Ferns explained today is “cross-over day” at the Legislature, and all bills to be considered must be passed out of their chamber of origin by the end of the day. This means the pay raise bill would have to be originated in committee today, passed by the committee, and read three times before the full chamber to meet the Legislature’s midnight deadline.

He said it was “technically possible,” but “highly unlikely” the measure could be passed with just 10 days remaining in the Legislature.

Delegate Shawn Fluharty, D-Ohio, said House members were still awaiting the financial information on the raises from the Governor’s Office.

“However, I’m glad the governor is finally getting his priorities in order,” he said. “I’m proud of the people back home, especially during the governor’s visit.

“I’m cautiously optimistic this will lead to action and a long-term solution, but remain fearful we are getting mere words without a real plan in place because his leadership team does not appear on board.”

House of Delegates Speaker Tim Armstead, R-Kanawha, on Tuesday night issued the following statement in response to Justice’s revised Fiscal Year 2019 revenue estimates and new public employee pay raise plan.

“House Republicans have consistently said we want to provide our teachers and state employees the best pay and benefits our budget can sustain,” Armstead said. “While we will need to review and scrutinize the revised revenue forecast, it appears that the governor’s increased Fiscal Year 2019 revenue estimates should allow us to afford larger pay raises for our teachers, service personnel and state employees.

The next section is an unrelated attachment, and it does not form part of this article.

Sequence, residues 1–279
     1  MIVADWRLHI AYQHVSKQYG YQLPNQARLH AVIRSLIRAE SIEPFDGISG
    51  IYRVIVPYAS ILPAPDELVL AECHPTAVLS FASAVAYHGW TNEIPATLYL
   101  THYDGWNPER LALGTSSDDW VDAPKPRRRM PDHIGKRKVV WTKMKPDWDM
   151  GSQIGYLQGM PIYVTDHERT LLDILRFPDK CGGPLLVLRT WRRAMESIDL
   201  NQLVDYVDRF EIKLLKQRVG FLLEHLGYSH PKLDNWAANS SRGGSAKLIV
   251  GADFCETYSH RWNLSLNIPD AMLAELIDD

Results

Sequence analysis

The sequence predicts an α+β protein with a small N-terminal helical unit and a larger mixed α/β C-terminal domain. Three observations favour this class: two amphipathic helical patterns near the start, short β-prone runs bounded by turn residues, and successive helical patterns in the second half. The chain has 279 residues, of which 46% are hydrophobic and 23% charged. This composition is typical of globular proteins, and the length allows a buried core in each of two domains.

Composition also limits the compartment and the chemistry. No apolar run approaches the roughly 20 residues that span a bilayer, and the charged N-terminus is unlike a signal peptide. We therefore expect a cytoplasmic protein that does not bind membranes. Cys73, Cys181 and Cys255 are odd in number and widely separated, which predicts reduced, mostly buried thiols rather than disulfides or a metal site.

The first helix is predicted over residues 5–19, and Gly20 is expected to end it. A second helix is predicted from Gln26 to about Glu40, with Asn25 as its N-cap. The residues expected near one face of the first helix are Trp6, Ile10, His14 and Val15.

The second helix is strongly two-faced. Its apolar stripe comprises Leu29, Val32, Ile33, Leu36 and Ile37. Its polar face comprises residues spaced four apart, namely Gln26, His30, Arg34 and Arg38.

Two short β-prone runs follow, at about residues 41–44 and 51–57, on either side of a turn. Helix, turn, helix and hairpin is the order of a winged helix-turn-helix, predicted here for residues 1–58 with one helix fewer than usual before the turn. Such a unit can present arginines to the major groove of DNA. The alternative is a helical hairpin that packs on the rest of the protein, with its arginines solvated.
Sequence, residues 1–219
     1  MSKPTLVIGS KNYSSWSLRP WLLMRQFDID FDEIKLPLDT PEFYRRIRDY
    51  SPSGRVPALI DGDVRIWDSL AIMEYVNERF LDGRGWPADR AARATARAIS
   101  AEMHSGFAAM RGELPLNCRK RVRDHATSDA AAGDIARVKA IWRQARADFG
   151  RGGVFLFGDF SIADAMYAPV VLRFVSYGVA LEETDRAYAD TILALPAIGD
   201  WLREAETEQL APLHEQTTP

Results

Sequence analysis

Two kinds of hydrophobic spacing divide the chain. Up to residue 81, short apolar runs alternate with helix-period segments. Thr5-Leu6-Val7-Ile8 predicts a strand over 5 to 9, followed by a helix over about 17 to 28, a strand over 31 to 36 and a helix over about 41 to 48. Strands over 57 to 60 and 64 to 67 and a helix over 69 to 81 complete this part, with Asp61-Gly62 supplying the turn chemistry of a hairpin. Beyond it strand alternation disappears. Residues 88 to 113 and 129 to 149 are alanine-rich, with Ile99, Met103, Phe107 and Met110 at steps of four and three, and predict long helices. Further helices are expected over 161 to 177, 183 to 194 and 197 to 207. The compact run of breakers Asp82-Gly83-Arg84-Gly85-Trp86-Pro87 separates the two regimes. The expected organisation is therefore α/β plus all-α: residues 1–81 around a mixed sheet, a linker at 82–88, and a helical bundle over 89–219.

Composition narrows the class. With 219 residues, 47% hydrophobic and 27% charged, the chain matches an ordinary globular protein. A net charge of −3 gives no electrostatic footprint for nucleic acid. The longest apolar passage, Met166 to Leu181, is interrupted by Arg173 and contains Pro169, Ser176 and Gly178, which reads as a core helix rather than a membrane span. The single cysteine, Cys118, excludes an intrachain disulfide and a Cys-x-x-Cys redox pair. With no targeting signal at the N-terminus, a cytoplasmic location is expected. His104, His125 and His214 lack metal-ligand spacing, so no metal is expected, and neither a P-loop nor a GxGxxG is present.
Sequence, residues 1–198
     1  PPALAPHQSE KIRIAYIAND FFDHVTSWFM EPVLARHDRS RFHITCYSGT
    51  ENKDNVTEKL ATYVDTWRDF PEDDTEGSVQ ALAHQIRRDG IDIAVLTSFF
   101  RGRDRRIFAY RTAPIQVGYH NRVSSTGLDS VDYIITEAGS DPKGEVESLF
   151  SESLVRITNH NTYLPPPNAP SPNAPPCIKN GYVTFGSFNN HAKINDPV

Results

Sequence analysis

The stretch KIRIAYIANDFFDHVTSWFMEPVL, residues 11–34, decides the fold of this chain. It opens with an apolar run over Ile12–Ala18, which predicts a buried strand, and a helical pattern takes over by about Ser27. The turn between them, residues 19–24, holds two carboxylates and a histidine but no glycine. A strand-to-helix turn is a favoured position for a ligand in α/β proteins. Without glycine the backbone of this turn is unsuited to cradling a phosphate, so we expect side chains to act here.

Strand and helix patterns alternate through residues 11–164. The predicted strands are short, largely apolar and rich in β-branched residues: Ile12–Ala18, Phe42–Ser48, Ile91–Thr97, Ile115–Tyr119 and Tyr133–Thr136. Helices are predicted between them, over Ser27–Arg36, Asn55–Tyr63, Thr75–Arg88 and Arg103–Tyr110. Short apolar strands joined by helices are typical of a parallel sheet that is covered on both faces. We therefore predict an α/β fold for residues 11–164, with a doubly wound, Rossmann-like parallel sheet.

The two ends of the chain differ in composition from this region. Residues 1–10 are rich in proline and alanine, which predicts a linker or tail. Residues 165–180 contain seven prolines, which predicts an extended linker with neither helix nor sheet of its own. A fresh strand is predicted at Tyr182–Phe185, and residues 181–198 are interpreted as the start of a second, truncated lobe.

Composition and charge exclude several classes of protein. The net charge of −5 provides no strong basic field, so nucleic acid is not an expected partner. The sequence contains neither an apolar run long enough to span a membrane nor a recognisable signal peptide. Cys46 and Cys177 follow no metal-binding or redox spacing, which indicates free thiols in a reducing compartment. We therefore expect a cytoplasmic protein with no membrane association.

“I believe these increased revenue estimates are a reflection of the Republican Party’s fiscally responsible management of our budgets in recent years, combined with our infrastructure improvement plans and the federal tax cuts that are rejuvenating our economy,” he added.

West Virginia Superintendent of Schools Steven Paine on Tuesday issued a directive to superintendents.

“I am officially calling for Wednesday, Feb. 28 to be a day of preparation for all public school systems in West Virginia. I am expecting all schools across the state to be open on Thursday, March 1 and have asked each county superintendent to direct employees to report at normal time on that date to resume the school year.”